Synopsis: Princess Samantha from the Kingdom of Illyria. Sam is rebellious and about as anti-establishment as they come. Furthermore, with her being a second-born Royal she doesn’t feel that she has a purpose. All is about to change as Sam must undergo extreme training to become a member of The Secret Society of Second Born Royals.
This movie focuses on Samantha, but it’s also about coming to terms with your destiny. You see Samantha is a Princess and second in line to the throne of Illyria. Samantha lacks direction in life. So chooses to rebel against her own Kingdom through her music. Helping her in her crusade is her best friend Mike. When Sam and Mike sneak out of the palace to attend a gig. Things go pear-shaped as Sam discovers her powers.
After a night in Prison. Mike and Sam are sent back home, but Samantha is packed off to Summer School, which turns out to be a cover story for her training to become a member of The Secret Society of Second Born Royals. This is an elite squad of Second Born Royalty who possess superpowers, which they use to protect their respective monarchies and the world from terrorist threats.
While at the School the Society teaches Samantha and her fellow recruits about how to channel and use their powers. When a terrorist attacks Samantha. The team, which the society has been training must pull together to avert disaster.
For a movie that is aimed at Pre – Teens. You don’t really expect to get great performances. But given that material, they have to work with. The actors do a respectable job of things.
Peyton Elizabeth Lee proves to be quite likable and easily relatable as Sam and watching her grow into becoming a member of the Society is made bearable by the fact that she manages to keep things from becoming a bit to much of a snore-fest given how formulaic the plot it. The chemistry between the other actors is believable and felt pretty truthful.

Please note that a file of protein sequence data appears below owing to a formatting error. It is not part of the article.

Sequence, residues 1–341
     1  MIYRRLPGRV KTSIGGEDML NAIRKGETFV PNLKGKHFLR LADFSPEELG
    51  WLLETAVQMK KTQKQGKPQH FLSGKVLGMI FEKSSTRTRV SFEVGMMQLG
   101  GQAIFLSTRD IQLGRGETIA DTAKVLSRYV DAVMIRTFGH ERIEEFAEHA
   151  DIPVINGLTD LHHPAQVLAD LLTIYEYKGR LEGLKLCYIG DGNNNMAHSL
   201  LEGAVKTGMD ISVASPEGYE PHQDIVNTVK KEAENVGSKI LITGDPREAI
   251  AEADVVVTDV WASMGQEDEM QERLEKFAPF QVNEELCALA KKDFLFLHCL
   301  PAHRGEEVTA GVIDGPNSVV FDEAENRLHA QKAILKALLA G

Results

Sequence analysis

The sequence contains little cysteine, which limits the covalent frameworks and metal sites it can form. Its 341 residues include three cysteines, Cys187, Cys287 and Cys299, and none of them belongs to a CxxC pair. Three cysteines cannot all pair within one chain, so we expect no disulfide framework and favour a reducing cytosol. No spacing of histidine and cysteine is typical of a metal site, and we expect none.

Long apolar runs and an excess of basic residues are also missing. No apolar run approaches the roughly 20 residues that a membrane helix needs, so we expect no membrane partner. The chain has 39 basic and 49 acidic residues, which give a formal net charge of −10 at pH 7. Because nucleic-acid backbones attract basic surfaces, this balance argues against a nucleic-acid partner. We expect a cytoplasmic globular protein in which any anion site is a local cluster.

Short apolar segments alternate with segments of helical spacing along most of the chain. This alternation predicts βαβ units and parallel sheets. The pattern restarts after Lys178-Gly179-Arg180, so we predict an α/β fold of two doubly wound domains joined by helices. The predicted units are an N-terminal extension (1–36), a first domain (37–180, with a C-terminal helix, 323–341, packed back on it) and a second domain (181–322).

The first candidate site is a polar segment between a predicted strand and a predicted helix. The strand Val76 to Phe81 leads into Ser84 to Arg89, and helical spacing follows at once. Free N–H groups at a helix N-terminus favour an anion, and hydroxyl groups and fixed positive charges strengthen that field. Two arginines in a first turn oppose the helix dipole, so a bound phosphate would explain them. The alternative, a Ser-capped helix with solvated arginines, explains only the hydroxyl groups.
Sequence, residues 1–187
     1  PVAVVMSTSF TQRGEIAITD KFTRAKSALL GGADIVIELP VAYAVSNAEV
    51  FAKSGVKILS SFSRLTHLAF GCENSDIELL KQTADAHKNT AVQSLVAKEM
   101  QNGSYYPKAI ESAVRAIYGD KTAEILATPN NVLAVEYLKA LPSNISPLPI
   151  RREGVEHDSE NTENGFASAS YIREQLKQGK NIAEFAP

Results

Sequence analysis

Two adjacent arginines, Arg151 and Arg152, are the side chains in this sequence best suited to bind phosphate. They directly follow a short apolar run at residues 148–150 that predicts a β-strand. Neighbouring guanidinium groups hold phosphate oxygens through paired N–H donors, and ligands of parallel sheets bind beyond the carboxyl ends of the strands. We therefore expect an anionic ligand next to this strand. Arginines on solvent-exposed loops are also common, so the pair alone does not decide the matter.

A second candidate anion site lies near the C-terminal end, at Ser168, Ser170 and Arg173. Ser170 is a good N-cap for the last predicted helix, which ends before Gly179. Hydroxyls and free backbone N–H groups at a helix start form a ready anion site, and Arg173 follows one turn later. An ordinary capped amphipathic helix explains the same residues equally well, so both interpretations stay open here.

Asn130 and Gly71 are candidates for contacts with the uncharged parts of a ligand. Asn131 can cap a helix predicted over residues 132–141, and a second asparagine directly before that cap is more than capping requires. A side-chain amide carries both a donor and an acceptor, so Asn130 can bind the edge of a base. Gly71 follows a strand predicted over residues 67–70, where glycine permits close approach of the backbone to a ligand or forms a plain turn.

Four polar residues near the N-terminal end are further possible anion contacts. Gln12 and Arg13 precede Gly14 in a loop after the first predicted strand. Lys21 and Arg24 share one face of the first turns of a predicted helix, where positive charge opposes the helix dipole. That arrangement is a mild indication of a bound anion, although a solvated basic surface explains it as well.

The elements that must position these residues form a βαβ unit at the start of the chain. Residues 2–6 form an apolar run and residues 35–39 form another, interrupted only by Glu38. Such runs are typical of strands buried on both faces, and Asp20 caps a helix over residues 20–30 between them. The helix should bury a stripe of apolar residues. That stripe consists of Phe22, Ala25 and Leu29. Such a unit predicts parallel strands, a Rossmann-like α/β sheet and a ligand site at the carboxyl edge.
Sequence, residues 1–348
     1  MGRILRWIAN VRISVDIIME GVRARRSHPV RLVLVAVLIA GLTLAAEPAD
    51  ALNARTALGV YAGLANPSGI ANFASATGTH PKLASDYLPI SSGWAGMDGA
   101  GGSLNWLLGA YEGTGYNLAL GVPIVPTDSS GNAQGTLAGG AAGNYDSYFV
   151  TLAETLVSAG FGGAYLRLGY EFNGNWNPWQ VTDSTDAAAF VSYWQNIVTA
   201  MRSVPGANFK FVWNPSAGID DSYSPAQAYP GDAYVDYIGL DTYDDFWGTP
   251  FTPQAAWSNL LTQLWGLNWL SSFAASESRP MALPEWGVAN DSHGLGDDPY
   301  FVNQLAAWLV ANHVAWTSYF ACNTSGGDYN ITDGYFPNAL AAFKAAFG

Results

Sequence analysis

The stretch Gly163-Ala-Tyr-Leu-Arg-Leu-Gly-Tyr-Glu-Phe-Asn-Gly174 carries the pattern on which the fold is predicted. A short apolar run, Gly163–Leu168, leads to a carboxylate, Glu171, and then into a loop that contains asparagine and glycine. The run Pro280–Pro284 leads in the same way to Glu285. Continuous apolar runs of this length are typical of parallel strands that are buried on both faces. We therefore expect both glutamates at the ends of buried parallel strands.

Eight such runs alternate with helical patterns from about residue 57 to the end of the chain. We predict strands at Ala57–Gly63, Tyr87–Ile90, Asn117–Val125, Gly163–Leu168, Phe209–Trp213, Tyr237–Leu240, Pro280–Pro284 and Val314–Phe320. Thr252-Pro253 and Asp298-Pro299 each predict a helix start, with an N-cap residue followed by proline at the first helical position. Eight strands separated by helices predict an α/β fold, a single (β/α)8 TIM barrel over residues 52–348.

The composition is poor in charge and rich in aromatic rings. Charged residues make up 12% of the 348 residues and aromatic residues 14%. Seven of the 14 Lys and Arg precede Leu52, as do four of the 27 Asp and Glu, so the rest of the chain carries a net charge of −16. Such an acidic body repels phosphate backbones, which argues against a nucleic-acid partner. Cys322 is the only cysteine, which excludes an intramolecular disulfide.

Skylar Astin plays somewhat of a dual role as the movie narrator as well as the kid’s instructor Professor James Morrow while Greg Bryk steals a fair few scenes as the mustache-twirling villain known as Inmate 34.
Secret Society of Second Born Royals just about passes muster as mildly entertaining, but a little too formulaic. Furthermore, the themes of royalty and superpowers have been covered before and its never particularly transferred well to the small screen. While it is an interesting and fun concept. I’m afraid Disney has missed the mark slightly on this one given that the superpowers on display really were not all that interesting and felt a bit half-assed. An example being Princess January’s power of being able to touch other second borns and take their power from them. She is basically a cheap knock off of Rogue from X-Men and not really made any more interesting by the fact that she turns out to be a villain, which was pretty much telegraphed from the start.
Overall. This film wasn’t all that brilliant and felt very much like a failed television pilot. It’s saving grace was that the cast was quite likable and did their best with what was a rather standard plot. The film does try to make a comment on Republicanism versus a Monarchie but fails to delve too deeply into the subject and chooses the safe black and white and somewhat bland good guys and bad guys approach.
My suggestion would be to save yourself two hours and watch Avengers: Endgame instead.
- CGI & Stunts7.5
- Incidental Music8.0